15. #15
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    Second what AZ was saying. It's not comfortable, but basically you should jam the nose of the seat into yer arse on steep climbs.
    A couple mentioned running seat tilted back, this can cause back problems and I'm not sure why you'd do it except on a dj bike. With the seat tilted back your pelvis rotates back, causing a curve and strain to your lower spine.
    Tilted forward is no fun as it puts excess weight on your hands and wrists.
    Keep it level; On the steep climbs it'll be uncomfortable with the saddle nose in your butt. If it's too bothersome get a saddle with a wider nose or bent as pictured above. Or get a thicker chamois.
    "...like sex with the trail." - Boe

  16. #16
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    Quote Originally Posted by mforness3000 View Post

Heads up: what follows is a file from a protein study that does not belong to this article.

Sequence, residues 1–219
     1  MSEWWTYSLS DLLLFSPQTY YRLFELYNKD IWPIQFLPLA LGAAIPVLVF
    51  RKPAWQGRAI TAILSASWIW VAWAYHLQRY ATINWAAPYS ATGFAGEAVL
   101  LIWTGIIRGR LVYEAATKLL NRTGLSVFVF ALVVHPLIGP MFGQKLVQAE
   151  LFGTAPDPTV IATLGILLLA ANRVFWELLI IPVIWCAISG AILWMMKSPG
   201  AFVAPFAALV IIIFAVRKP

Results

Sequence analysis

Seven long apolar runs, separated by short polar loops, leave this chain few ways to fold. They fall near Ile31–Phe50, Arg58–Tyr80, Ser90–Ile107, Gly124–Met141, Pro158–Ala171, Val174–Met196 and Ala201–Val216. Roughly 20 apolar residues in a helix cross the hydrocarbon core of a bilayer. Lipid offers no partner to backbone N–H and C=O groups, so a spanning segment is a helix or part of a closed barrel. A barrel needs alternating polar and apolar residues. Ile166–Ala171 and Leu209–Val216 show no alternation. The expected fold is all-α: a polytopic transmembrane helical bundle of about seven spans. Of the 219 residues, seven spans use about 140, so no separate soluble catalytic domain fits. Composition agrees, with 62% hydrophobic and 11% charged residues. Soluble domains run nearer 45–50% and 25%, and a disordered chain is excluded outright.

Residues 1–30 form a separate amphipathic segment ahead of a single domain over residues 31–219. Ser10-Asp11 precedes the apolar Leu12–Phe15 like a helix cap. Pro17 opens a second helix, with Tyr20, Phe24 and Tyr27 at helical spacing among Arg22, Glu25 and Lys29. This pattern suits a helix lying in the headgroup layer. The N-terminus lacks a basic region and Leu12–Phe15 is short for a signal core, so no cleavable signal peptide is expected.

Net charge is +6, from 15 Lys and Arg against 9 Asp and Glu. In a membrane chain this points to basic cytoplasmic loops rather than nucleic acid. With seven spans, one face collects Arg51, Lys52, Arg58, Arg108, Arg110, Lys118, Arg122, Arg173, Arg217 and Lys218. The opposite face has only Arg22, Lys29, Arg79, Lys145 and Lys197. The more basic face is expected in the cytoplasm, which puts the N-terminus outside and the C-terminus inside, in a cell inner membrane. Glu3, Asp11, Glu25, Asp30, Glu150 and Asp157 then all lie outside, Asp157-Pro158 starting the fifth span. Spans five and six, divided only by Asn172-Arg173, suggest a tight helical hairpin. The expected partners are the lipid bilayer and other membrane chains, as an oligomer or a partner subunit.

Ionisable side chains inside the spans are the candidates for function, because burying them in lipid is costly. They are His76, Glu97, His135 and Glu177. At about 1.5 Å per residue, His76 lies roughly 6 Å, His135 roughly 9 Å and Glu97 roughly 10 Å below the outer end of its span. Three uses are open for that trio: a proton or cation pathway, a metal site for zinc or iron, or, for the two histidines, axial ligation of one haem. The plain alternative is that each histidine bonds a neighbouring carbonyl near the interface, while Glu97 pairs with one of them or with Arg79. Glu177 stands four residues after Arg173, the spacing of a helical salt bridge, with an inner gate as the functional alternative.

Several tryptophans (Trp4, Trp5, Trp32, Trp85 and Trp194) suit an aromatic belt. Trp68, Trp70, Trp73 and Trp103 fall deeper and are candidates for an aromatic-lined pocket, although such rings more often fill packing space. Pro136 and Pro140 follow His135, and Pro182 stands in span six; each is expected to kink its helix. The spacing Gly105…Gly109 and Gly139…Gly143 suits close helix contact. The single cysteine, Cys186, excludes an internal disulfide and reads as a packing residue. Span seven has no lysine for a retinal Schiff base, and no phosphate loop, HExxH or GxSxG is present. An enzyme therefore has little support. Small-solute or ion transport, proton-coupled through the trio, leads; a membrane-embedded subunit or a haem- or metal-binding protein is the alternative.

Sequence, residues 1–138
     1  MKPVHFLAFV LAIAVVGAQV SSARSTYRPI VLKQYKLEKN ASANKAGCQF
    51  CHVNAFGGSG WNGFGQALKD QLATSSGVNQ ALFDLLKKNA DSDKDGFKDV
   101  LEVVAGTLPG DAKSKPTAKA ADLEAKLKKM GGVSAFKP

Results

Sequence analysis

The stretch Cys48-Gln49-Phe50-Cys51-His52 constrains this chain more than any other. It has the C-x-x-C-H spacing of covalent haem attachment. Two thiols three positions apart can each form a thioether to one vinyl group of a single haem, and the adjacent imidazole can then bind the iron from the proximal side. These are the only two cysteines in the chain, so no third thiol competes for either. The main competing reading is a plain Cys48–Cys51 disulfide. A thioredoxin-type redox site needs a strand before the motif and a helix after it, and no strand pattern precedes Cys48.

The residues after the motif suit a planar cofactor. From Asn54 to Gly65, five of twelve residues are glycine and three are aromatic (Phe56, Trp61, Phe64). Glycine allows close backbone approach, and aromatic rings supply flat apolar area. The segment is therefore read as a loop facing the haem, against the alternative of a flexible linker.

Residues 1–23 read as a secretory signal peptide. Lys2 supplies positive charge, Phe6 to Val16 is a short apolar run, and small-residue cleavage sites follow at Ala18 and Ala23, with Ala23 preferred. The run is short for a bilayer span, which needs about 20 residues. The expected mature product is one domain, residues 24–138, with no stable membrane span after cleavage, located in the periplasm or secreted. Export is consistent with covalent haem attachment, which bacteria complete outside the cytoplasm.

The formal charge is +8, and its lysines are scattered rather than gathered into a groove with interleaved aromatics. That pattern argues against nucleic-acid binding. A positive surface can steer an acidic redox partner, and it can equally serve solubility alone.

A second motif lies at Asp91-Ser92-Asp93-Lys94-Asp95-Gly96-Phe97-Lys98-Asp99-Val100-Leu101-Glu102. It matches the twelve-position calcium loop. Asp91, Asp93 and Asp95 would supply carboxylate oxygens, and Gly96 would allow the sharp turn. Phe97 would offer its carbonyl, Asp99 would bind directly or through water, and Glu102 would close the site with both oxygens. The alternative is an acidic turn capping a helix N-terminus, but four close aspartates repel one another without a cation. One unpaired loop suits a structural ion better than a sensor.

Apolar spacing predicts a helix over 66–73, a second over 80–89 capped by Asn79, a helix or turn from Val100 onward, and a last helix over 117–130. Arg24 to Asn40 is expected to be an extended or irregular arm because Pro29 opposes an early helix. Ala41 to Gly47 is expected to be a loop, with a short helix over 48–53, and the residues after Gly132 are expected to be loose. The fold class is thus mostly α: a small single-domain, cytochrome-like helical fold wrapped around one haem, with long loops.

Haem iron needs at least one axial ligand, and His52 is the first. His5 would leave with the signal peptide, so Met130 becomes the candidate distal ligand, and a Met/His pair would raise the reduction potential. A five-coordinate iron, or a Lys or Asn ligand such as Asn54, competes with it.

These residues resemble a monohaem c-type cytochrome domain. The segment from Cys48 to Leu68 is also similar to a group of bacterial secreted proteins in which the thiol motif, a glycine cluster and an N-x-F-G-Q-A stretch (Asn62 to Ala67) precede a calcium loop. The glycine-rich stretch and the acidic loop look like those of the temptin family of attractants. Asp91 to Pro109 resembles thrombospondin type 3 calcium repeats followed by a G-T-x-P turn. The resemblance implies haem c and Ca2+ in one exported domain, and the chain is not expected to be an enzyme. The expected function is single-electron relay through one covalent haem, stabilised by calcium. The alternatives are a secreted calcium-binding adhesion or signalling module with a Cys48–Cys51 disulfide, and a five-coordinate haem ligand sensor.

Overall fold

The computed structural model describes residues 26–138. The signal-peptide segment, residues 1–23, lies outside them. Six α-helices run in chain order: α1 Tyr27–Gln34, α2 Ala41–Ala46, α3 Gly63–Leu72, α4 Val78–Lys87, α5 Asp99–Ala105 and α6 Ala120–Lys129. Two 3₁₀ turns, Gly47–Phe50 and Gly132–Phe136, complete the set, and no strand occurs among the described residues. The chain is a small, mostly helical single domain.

so, more to the point, let me ask this...on super steep climbs...climbs where you can just barely keep going in the granny gear...do you: a) sit where you regularly do on the seat, b) scoot up towards the nose, c) stand

    I have always done b...but in order for me to sit on the very tip of the saddle, I have to have it point down a bit...and even then I have to sit off to one side or the other on the nose (as I'm sure you can imagine)...

    but again tilting the seat down leads to other problems...and I don't want to do that anymore...should I figure out a new way to climb those super steeps? try a new saddle? I've been running the same wtb silverado for years now...